For golfers of all degrees of skill

Feb. 27, 1956
Feb. 27, 1956

Table of Contents
Feb. 27, 1956

Events & Discoveries
  • In Cooch Behar, the grand-style tiger hunt of legend carries on unchanged in pomp and ceremony and as luxuriously as ever

The Wonderful World Of Sport
The Westminster
Sporting Look
  • The fashions in dogs were not the only news at the Westminster. A surprising number of male bipeds with doggy connections managed to look pretty doggy themselves in various choices of head coverings

Big Three

For golfers of all degrees of skill

The average golfer is subject to three fundamental faults when he takes the club back: 1) picking the club up too quickly with his hands rather than swinging the club back along the line; 2) pulling the club up too close to the body; 3) starting the body action before the hands and the golf club start to move—which pulls the body out of line and forces the golfer into an unbalanced chopping action.

This is an article from the Feb. 27, 1956 issue Original Layout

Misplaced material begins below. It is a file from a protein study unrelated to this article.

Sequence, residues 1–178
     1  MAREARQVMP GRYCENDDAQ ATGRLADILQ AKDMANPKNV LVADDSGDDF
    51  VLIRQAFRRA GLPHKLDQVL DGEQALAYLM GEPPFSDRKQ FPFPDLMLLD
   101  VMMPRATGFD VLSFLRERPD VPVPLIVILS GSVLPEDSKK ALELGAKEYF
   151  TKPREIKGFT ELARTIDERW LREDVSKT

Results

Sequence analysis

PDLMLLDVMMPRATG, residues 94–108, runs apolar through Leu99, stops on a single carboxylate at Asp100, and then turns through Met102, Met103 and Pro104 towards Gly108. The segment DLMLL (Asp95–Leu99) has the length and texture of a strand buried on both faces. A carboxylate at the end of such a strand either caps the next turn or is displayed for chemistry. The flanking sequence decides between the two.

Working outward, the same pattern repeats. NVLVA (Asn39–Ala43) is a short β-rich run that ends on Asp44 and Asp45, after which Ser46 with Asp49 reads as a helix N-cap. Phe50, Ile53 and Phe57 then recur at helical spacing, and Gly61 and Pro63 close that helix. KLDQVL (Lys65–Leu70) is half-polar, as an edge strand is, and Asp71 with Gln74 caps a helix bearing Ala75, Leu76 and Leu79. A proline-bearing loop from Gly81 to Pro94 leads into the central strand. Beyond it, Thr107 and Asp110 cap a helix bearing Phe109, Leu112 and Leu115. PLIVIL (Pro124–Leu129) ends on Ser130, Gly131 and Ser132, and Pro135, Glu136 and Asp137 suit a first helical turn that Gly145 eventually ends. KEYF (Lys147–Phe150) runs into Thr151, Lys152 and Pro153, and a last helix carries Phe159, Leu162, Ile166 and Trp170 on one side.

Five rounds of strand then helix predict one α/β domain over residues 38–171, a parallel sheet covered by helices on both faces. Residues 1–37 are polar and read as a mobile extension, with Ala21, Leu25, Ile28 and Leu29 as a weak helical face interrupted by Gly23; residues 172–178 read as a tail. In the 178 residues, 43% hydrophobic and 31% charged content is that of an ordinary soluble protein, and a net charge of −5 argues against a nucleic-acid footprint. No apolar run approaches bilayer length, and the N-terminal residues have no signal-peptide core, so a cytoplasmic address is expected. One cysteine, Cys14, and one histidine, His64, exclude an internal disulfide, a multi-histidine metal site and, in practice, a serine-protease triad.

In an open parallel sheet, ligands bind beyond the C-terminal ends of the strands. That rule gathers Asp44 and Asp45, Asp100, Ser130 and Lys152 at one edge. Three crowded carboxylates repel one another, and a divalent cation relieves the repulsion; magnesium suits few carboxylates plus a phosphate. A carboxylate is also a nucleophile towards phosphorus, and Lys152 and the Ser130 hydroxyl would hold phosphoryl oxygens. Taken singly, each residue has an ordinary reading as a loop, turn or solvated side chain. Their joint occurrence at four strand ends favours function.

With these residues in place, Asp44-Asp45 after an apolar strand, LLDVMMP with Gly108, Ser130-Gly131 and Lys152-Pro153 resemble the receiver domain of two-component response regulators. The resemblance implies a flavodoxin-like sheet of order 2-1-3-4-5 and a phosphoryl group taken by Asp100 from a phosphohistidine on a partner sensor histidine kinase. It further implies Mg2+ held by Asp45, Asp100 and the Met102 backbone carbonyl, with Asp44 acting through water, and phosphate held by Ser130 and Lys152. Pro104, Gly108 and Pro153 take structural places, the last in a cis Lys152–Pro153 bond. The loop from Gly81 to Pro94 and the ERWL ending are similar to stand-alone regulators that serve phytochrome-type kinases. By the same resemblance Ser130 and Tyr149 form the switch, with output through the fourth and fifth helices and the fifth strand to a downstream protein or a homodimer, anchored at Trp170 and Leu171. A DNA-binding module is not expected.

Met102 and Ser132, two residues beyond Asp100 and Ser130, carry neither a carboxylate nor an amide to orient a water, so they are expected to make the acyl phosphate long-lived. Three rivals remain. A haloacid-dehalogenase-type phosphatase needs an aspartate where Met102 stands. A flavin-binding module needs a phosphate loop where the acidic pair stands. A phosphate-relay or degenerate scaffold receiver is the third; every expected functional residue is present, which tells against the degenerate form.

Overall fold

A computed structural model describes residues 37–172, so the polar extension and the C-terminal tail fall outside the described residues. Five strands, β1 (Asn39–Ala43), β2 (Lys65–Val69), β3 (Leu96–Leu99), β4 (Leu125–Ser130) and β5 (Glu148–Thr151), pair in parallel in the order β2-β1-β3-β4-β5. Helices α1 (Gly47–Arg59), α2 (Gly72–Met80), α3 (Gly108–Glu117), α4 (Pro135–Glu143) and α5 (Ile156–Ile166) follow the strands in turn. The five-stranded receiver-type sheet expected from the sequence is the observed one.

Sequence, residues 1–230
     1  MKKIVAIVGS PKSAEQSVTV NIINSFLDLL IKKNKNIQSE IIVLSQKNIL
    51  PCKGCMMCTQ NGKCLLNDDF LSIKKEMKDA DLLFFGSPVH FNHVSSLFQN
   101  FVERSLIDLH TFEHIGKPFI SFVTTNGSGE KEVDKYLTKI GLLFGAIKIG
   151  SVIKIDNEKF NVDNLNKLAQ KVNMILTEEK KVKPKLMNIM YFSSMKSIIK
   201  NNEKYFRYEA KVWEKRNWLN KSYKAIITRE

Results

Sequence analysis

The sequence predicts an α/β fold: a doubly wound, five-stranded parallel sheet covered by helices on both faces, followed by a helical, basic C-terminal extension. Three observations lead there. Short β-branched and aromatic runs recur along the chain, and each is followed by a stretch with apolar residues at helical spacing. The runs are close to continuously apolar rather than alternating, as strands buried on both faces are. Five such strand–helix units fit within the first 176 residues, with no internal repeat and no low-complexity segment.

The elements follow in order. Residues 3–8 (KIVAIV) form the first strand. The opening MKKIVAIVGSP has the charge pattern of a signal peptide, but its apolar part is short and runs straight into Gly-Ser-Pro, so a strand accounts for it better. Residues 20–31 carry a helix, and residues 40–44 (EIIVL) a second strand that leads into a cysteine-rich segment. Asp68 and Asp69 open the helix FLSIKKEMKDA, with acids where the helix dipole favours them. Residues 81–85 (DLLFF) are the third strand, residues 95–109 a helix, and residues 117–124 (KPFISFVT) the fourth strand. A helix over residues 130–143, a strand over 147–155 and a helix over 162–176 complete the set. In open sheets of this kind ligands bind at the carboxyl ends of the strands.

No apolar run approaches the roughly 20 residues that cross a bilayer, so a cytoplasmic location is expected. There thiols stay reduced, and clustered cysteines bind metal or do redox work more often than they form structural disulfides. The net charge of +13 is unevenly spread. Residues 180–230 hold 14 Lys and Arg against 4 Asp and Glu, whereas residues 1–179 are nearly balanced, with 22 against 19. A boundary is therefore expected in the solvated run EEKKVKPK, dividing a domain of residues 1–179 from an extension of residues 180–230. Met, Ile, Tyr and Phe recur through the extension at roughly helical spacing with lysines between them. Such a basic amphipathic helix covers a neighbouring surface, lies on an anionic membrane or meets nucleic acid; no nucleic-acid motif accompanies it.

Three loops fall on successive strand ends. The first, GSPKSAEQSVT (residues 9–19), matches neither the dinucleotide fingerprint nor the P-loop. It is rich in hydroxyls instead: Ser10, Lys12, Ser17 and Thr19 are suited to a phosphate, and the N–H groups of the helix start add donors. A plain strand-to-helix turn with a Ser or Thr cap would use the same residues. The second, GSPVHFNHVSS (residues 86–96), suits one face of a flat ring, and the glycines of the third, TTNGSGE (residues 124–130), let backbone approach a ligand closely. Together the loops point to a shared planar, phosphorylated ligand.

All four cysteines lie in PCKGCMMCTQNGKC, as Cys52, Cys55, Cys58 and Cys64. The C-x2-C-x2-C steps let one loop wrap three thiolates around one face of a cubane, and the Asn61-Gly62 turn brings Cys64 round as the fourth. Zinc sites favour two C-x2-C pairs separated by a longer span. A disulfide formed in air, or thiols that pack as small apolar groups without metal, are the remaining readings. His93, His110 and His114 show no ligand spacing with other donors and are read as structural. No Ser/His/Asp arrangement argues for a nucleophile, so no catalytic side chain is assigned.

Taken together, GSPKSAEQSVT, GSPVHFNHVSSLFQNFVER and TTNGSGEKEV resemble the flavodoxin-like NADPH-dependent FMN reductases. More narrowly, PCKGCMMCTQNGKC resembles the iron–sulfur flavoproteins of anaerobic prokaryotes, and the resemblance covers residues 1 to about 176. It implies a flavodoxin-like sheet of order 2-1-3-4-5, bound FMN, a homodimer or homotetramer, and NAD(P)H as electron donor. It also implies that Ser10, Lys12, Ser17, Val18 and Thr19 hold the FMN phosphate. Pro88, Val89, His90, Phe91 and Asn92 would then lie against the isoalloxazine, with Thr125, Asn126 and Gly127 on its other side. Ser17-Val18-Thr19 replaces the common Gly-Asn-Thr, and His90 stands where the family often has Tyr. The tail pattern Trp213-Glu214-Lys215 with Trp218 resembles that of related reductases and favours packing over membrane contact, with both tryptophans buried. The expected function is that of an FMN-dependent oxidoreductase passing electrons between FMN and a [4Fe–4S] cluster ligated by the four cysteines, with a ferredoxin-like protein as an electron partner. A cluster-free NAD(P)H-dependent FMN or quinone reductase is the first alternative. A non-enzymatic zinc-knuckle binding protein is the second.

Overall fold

When I first began playing, I brought the club back too close on the backswing, and this caused me to hook and shank. To overcome this fault, I drew a mental line straight back from the ball and also in front of the ball to reinforce my awareness of the line of flight, the line I intended the ball to travel. Then I worked on drawing the club back along that line. Today my habit is to pick an object in the foreground which is situated on the line of flight—a tree or a bunker or a house. Then I take the club back straight from that object and the ball. To check my backswing in practice, I stick a tee about 6 or 8 inches behind the ball on the line of the intended flight, and when I draw the club back I can check to see if the club hits the tee squarely or if it tips or shanks it.

from BYRON NELSON, Fairway Ranch, Roanoke, Texas

TWO PHOTOSILLUSTRATIONIncorrect: club pulled up too close to the bodyILLUSTRATIONCorrect: club is taken back on straight line from the ball, with the hands, the club and the body moving cohesively